A new home for your memories

The sun has started to make an appearance in the last few weeks and for many this will induce a certain amount of trepidation as every student knows that summer means exams. At this stage in your academic career you probably have a fairly set routine for revision; maybe you’re enviably organised and already have a colour-coded revision timetable, maybe you adopt a caffeine addiction and a nocturnal persona. I prioritise sleep as apparently its good for memory and I always sleep next to my revision notes – this bit has no scientific basis aside from my own superstition.

A significant improvement in memory was seen in the group trained in the method of loci but not the other two groups.

Should your current revision technique be failing you or perhaps, you fancy retaining some sanity over the upcoming exam period, you may be interested to hear of a study that transformed people with average memories into memory champions in just six weeks.

At the start of the study novices and memory experts attempted to recall a list of 72 words, 20 minutes after seeing it for the first time. The memory experts thrashed the novices with a recall average of 70.8 words compared to the novices’ measly 39.9.

Following this humiliating defeat the novices were separated into 3 groups: one group was trained in the method of loci, the other received short term memory training, which required them to keep track of locations and numbers. The third group was a control and received no training.

A significant improvement in memory was seen in the group trained in the method of loci but not the other two groups. In fact their performance on the word recall test was similar to that of the memory experts, with an average of 63 words being recalled. This improvement in memory was maintained at the 4-month follow up.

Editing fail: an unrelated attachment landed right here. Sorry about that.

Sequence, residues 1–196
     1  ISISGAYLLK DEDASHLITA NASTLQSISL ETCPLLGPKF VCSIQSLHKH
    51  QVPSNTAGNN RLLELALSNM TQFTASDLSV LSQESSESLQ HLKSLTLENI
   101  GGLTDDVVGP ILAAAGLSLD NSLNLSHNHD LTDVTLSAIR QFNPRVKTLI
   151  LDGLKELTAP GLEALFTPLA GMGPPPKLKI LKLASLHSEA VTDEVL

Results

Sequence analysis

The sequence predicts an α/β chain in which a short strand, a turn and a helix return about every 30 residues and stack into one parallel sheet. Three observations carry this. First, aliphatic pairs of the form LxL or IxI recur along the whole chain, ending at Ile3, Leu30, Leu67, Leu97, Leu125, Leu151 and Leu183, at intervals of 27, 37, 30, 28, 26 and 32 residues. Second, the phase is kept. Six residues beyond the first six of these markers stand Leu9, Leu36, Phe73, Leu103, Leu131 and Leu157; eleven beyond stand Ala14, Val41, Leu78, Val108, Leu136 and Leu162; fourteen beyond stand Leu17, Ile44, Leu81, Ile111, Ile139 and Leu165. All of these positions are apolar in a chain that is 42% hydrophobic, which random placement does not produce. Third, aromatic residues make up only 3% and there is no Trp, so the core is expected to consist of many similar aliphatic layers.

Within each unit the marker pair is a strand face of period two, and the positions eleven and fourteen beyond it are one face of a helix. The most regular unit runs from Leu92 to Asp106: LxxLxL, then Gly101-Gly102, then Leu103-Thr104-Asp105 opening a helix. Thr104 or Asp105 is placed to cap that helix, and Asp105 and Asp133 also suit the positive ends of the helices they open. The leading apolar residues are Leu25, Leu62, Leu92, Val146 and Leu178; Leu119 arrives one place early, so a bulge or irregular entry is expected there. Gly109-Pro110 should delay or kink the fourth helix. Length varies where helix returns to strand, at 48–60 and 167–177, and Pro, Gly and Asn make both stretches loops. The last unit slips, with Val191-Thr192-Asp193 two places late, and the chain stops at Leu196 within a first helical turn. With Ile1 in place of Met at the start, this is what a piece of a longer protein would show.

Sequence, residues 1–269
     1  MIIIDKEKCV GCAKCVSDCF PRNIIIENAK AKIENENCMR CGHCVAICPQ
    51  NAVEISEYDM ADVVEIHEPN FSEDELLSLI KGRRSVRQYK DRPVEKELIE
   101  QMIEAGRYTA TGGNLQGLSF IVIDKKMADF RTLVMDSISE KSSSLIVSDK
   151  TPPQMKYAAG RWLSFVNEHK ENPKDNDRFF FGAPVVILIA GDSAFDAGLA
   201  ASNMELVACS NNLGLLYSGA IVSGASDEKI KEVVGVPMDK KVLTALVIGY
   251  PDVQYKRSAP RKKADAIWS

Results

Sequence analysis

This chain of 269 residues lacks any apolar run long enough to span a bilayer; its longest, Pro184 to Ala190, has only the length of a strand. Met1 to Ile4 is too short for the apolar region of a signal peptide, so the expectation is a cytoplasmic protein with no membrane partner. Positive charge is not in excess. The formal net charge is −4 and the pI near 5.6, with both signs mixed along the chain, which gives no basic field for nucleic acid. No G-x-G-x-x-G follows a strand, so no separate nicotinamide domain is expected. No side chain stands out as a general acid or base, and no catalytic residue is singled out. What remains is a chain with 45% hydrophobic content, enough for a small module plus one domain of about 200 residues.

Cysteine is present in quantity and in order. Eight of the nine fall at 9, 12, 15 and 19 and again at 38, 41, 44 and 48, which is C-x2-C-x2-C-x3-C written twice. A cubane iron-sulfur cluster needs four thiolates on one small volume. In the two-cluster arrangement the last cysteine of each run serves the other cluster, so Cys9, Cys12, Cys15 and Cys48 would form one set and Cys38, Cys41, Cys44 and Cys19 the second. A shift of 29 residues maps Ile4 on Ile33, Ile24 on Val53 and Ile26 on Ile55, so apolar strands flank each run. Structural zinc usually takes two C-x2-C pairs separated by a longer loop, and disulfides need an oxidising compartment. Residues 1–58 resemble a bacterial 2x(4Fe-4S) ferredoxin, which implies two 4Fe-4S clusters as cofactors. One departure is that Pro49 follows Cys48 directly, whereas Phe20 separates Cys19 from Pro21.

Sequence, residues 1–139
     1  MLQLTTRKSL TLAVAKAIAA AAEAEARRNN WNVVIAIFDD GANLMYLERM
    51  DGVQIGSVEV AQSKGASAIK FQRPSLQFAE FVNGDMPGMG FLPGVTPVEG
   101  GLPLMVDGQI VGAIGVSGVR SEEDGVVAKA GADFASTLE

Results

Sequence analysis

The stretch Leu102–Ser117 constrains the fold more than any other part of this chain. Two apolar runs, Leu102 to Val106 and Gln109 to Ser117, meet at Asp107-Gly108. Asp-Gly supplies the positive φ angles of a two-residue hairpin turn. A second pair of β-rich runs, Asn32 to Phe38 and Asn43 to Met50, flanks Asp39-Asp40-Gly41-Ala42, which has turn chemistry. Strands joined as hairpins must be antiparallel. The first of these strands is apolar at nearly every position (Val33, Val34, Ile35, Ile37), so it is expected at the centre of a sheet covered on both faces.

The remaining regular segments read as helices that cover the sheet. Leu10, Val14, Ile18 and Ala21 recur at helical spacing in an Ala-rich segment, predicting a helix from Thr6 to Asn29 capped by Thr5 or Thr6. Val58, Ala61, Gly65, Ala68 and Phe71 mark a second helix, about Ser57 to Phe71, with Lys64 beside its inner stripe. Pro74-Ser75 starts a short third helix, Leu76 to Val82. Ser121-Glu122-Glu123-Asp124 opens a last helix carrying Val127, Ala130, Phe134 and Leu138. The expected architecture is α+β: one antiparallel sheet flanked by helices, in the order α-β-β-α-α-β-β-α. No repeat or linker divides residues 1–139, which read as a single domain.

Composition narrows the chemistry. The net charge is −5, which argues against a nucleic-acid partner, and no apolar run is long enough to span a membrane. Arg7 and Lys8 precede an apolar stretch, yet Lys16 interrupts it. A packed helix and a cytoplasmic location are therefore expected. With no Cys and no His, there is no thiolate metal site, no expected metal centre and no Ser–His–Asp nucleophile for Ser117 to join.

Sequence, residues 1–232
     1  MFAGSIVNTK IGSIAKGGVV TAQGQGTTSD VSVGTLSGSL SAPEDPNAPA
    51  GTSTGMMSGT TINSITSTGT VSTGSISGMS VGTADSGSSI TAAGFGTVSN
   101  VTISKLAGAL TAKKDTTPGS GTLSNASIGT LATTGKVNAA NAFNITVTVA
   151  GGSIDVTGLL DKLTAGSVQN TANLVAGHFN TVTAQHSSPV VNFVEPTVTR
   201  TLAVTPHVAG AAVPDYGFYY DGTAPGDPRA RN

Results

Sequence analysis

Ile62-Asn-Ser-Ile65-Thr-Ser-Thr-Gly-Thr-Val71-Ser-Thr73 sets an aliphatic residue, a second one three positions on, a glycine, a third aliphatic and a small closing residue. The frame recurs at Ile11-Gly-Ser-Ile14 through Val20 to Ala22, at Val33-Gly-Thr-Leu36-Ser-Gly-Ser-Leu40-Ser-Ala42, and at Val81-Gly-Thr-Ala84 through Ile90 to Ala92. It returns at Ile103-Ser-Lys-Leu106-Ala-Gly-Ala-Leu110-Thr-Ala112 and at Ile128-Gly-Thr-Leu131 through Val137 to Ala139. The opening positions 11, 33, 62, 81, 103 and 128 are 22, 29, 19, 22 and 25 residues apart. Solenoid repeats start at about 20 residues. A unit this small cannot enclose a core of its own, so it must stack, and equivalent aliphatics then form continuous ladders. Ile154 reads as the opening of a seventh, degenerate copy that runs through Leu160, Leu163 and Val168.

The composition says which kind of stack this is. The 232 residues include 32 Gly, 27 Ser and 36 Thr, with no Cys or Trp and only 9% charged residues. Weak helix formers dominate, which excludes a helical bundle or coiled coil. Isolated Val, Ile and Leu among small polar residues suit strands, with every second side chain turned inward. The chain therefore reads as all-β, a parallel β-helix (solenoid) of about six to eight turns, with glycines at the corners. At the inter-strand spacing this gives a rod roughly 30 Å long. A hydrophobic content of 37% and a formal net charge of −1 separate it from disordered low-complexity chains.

So what exactly is this magical method of loci? Also known as the ‘mind palace technique’, it was used by Greek and Roman orators to help them remember their speeches. The method requires the association of things to be remembered with locations, either in an intricate imaginary palace or a familiar location such as your house or a walk you regularly take. When a person using the technique wants to recall a fact they walk around their mind palace until they reach the location of the memory bite.

What makes this study particularly interesting is that participants were tested on their word recall whilst in an fMRI scanner, allowing the researchers to investigate what was going on ‘behind the scenes’. They found that training in the method of loci caused changes in brain connectivity and these changes made novices brains appear more similar to the brains of memory experts – the major change in connectivity being between two regions in the prefrontal cortex, the region at the front of the brain involved in complex cognitive actions.

We can all have a go at shaping our brains into a model that’s better for fact recall.

This means that memory champions don’t necessarily have an innate gift for remembering things and that we can all have a go at shaping our brains into a model that’s better for fact recall. However Boris Konrad, co-author of the study does warn that not everyone can master the method of loci well enough to become a memory champion “but everyone using the technique can improve quite substantially from the level they’re at”. So for this exam period maybe consider ditching the flashcards and the caffeine tablets and start constructing a mind palace.

IMAGE: Flickr

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